Accused Alabama Shooter’s History Raises More Concerns
Posted on Feb 15, 2010
Alleged University of Alabama shooter Ann Bishop’s history of violence appears to extend much further back than last week’s fatal confrontation at a staff meeting on the university’s Huntsville campus. According to an unnamed law enforcement official cited in Sunday’s Boston Globe, Bishop and her husband were questioned about an attempted mail bombing in 1993 that targeted Dr. Paul Rosenberg, one of her research supervisors at Harvard. That information, combined with last weekend’s revelation that Bishop had fatally shot her own brother in 1986, adds another troubling dimension to the shootout that claimed the lives of three of Bishop’s Alabama colleagues and wounded three others on Friday. —KA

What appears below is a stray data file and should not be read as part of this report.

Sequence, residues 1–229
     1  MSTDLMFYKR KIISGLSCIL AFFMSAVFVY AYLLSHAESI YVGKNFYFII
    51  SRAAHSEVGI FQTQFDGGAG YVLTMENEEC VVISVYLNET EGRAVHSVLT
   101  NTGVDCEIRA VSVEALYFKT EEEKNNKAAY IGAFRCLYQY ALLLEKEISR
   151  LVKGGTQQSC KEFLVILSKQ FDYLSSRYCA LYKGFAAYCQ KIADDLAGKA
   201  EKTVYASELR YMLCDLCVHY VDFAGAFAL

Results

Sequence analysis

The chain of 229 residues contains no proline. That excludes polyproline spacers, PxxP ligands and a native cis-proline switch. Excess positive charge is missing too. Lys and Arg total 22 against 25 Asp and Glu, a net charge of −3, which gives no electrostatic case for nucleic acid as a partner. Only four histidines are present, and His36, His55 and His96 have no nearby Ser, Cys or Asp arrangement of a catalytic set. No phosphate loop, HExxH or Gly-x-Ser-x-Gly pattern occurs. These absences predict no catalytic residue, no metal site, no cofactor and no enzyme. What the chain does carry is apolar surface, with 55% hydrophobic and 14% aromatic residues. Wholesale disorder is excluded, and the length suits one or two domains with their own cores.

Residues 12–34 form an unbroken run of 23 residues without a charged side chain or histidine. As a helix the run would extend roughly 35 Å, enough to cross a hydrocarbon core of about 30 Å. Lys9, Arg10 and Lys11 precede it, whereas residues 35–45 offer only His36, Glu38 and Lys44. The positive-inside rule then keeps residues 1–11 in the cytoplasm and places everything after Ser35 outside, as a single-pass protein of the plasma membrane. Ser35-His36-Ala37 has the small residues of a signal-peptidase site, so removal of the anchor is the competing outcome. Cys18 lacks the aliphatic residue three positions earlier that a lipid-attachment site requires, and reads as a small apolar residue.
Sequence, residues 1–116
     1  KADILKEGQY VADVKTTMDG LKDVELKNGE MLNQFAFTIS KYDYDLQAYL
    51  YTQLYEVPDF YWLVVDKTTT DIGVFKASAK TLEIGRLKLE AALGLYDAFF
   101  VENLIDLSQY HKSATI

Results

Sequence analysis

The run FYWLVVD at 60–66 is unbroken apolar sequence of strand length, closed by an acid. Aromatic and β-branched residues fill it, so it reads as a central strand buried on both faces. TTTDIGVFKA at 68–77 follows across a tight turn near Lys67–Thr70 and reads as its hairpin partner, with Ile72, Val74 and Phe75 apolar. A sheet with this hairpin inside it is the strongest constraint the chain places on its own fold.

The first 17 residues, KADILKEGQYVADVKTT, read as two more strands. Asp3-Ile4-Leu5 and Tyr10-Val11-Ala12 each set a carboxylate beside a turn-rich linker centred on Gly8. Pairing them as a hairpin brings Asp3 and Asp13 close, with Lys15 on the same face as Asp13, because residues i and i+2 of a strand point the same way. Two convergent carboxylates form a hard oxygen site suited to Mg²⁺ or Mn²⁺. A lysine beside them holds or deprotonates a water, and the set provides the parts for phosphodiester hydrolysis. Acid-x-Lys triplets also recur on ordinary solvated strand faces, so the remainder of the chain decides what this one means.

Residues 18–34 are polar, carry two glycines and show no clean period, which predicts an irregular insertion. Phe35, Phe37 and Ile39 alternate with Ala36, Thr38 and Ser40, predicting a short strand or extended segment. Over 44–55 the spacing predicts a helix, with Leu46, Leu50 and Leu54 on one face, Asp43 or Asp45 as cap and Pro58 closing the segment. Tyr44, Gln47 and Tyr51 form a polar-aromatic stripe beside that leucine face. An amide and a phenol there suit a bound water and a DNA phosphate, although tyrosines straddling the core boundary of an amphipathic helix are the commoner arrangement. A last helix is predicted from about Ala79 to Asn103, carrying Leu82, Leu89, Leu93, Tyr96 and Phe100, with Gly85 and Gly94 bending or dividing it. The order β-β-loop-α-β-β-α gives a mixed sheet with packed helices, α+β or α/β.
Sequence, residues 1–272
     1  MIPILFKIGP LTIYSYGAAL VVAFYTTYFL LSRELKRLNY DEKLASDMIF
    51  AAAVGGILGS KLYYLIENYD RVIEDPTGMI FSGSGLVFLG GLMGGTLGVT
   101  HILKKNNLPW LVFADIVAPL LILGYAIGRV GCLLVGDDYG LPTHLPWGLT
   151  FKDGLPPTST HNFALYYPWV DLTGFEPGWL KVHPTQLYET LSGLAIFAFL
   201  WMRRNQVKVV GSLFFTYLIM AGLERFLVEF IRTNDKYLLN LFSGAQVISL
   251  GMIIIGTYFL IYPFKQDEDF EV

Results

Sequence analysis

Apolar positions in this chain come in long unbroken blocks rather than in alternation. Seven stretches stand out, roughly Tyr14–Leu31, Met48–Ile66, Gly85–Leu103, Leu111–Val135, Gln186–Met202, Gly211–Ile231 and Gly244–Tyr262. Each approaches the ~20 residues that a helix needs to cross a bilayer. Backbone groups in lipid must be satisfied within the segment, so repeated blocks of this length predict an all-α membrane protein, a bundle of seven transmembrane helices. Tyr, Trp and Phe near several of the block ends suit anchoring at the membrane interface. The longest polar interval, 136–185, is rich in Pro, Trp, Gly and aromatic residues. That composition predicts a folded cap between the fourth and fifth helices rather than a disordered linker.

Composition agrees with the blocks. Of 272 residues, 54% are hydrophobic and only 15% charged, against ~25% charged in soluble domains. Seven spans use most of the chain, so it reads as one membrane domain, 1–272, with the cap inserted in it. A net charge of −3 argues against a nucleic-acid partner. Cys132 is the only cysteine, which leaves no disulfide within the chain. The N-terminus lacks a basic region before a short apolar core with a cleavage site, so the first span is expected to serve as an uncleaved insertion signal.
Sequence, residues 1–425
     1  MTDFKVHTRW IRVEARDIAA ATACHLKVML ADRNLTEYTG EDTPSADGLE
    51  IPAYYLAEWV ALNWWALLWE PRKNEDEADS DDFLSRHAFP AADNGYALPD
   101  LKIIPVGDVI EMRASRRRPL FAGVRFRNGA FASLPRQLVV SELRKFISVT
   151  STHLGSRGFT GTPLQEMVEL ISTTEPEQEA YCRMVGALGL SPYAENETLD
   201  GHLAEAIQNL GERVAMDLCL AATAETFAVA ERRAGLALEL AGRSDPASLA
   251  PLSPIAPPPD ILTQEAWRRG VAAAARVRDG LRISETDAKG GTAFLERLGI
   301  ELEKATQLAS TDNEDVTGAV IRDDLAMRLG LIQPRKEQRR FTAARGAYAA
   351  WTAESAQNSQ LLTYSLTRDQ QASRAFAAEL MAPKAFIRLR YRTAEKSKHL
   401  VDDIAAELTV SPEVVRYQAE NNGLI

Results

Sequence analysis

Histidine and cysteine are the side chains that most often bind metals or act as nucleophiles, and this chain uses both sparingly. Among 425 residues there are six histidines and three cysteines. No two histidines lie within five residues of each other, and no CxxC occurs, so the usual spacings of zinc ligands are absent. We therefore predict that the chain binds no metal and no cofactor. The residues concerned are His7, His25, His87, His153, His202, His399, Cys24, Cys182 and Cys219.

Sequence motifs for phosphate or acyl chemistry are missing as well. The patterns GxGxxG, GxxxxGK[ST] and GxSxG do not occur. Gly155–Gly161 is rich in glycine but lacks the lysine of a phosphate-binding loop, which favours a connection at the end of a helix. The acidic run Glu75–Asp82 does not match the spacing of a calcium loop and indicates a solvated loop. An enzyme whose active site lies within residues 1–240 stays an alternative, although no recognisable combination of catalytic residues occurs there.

“Metrodesk” in The Boston Globe:
A law enforcement official said today that the investigation by the US Postal Service and the federal Bureau of Alcohol, Tobacco and Firearms focused on Bishop, a Harvard postdoctoral fellow who was working in the human biochemstry lab at Children’s Hospital at the time, and her husband, Anderson.
Bishop surfaced as a suspect because she was allegedly concerned that she was going to receive a negative evaluation from Rosenberg on her doctorate work, the official said. The official said investigators believed she had a motive to target Rosenberg and were concerned that she had a history of violence, given that she had shot her brother to death in 1986.
Investigators conducted a search of the home where Bishop and Anderson were living and questioned the couple, the official said. Anderson was questioned about whether he had purchased any of the components used to make the bombs, the official said.
AP / Huntsville Police Dept.